PHOENIX — His voice raised and hands in the air, Suns coach Monty Williams shook his head after his team’s 102-97 loss to the Oklahoma City Thunder Wednesday night, its third straight and sixth in its last eight games.
For the third consecutive contest, Phoenix squandered a late fourth-quarter lead, allowing Oklahoma City to go on an 11-2 run over the last 2:48 to win. The loss extended a disturbing pattern for the Suns, who to that point held a fourth-quarter advantage in each of their five games since Jan. 18 but only won one of them.
Citing an injury to star guard Devin Booker and a fluid rotation as factors to its recent struggles, Williams vehemently denied any external causes for his team’s most recent defeat. Put simply, he felt the loss was “on us.”
“Until this team understands consistency for four quarters, we’re going to feel like this a lot,” Williams said. “We can try to get everybody to feel sorry for us, it ain’t going to work. We got to be consistent.”
Prior to his team’s game against the Golden State Warriors Thursday, Williams said the Suns had a “really good film session” in which he openly challenged his players, something he said he has not done as much as he typically would after missing two practices this week due to personal reasons.
Tasked with defending arguably the best shooter in NBA history, Stephen Curry, and the Warriors Thursday, the Suns responded to their recent struggles and ended their three-game skid with a dominant 114-93 victory at Phoenix Suns Arena. It moved them ahead to seventh place in the Western Conference standings with a 9-8 record.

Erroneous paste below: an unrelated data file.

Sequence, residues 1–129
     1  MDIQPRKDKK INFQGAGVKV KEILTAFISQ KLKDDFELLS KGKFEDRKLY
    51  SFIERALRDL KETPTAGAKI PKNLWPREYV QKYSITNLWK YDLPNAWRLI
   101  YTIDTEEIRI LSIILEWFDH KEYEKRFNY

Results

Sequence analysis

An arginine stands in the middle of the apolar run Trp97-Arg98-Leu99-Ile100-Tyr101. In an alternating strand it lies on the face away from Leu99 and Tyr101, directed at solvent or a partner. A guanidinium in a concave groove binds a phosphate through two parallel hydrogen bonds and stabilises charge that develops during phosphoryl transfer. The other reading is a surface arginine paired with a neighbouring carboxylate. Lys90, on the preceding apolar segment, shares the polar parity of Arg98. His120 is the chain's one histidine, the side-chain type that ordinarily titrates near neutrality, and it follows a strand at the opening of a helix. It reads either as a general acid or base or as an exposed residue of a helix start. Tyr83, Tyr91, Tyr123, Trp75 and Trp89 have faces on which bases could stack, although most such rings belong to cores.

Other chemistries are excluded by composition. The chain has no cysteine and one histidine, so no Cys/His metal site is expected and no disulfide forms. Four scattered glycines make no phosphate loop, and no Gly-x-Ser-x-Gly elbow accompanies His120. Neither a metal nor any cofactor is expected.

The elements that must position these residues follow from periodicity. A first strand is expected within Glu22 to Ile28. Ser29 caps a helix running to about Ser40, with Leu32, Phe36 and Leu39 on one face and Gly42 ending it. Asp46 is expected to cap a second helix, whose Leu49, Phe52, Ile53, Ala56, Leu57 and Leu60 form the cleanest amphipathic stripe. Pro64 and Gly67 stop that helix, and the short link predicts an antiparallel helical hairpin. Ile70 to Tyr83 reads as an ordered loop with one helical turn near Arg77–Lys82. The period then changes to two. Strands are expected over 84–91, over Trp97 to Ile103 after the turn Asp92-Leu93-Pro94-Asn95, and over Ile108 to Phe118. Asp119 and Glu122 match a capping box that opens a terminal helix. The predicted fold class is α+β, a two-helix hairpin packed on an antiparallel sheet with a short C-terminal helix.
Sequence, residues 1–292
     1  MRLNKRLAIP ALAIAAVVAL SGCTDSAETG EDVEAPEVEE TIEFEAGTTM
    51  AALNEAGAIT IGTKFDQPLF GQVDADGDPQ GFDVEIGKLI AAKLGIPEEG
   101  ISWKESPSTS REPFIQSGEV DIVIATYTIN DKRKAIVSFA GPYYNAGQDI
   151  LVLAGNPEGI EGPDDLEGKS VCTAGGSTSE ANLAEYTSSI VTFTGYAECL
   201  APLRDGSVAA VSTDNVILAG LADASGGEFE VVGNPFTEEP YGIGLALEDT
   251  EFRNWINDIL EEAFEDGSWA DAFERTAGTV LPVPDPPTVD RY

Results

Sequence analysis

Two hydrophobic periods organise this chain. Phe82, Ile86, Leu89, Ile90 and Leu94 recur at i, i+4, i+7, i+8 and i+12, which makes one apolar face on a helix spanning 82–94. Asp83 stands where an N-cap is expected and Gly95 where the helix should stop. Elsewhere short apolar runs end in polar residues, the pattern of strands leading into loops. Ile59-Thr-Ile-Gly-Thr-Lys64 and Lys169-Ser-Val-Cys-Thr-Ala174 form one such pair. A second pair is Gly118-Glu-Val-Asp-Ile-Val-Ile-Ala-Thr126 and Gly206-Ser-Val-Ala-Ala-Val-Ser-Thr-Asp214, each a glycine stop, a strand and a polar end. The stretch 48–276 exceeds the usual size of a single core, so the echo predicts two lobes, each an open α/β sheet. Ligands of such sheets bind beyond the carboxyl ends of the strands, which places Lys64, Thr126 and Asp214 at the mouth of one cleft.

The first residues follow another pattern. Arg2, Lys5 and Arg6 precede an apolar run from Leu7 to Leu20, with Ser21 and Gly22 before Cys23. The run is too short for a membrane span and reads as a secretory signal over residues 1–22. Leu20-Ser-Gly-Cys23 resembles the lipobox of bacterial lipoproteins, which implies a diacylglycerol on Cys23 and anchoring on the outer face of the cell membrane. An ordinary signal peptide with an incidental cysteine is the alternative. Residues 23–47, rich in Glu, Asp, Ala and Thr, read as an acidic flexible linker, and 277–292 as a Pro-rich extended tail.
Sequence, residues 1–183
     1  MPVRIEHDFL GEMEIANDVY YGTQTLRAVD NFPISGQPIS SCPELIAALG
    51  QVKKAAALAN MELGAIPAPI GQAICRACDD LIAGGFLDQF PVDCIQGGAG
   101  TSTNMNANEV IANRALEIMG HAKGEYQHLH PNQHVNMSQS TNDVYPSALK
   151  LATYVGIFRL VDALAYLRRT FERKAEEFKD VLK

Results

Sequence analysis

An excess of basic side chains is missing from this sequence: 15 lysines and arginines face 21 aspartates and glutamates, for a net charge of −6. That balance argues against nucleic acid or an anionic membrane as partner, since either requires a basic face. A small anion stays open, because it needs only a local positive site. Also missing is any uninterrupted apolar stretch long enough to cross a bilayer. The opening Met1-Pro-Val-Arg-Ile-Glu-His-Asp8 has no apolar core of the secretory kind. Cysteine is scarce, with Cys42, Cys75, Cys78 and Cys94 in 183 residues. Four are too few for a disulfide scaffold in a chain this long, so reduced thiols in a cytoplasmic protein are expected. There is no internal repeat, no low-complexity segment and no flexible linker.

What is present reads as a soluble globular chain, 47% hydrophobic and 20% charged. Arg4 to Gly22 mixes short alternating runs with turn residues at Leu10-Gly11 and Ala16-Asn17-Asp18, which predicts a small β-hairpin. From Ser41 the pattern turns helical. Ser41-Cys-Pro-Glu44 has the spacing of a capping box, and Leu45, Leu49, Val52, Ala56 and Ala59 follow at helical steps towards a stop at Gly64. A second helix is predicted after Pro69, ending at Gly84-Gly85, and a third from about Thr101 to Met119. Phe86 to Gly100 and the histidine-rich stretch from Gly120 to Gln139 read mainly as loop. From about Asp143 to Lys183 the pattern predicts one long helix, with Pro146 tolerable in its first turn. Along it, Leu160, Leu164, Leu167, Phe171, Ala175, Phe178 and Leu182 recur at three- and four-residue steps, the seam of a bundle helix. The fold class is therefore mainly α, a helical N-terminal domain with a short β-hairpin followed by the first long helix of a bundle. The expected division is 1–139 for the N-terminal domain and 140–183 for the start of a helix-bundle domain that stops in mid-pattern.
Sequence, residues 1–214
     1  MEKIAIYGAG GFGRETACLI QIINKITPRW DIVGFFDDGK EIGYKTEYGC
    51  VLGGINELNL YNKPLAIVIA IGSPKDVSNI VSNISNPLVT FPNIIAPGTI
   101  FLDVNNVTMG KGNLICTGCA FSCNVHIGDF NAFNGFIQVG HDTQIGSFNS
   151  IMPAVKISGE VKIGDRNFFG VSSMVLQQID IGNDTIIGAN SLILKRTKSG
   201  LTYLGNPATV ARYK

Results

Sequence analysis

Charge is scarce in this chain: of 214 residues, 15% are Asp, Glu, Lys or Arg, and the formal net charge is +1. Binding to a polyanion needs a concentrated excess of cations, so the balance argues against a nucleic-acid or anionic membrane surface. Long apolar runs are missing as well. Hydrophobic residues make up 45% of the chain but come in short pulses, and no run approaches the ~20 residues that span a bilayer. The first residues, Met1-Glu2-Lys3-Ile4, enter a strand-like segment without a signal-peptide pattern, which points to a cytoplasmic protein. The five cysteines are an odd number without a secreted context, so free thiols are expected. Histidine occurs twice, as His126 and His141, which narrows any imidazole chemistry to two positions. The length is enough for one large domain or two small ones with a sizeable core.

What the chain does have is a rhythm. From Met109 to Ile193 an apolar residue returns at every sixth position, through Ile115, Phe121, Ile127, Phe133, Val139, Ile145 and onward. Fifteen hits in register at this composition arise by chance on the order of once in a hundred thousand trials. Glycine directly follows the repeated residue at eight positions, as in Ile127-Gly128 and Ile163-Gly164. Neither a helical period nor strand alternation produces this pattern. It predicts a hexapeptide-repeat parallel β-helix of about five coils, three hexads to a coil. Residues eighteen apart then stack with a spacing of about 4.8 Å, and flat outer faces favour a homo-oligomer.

Holding a five-point lead at halftime against Golden State, Phoenix ballooned its advantage to 14 at the end of the third quarter despite Curry scoring 14 of his 27 points in the period. Golden State cut its deficit to 10 with 8:18 left in the game but would not draw any closer, as the Suns went on a 17-2 run over the next three minutes to put the contest out of reach.
“The one word that describes the response to last night is just resiliency,” Williams said. “That’s something that we’ve talked about. All good teams have that, the ability to bounce back, to live in the uncomfortable. That’s a tough loss (Wednesday) and to be able to come back to the gym and play the way we played, I can only describe it with that particular word.”
With Booker (left hamstring strain), forwards Dario Saric and Damian Jones (health and safety protocols) out against the Thunder, the Suns continued to search for a rhythm in their changing rotation against Golden State. Crowder stepped in for Booker in the starting lineup for the third straight game, forward Cameron Johnson started for the fifth straight contest and guard E’Twaun Moore in just his second game since Jan. 11 with point guard Cameron Payne not playing due to a foot injury.
Those moving pieces, Williams said, contributed in part to Phoenix’s inconsistencies and inability to solidify rotations for certain in-game scenarios. But another underlying factor was its lapses in communication between coaches and players on the floor, specifically with defensive coverages, which allowed Oklahoma City and others this season to get easy chances offensively.
“The transfer from the bench to the floor has been something that we’ve struggled with this year, making adjustments on the fly, especially on defense,” Williams said. “Going from blitzing a pick-and-roll to switching it, that’s where we’ve seen some mishaps, especially down the stretch. Those are things that could be a language barrier, could be lack of practice, who knows? But it’s not helping us.”